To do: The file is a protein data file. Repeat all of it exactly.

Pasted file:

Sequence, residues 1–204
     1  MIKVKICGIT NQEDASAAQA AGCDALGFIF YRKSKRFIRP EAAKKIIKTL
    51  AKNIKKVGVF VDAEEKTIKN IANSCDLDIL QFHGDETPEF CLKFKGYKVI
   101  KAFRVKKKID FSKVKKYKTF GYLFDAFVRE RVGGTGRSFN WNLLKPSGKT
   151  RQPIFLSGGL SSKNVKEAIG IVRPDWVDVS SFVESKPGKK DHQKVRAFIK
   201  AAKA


Sequence, residues 1–204
     1  MIKVKICGIT NQEDASAAQA AGCDALGFIF YRKSKRFIRP EAAKKIIKTL
    51  AKNIKKVGVF VDAEEKTIKN IANSCDLDIL QFHGDETPEF CLKFKGYKVI
   101  KAFRVKKKID FSKVKKYKTF GYLFDAFVRE RVGGTGRSFN WNLLKPSGKT
   151  RQPIFLSGGL SSKNVKEAIG IVRPDWVDVS SFVESKPGKK DHQKVRAFIK
   201  AAKA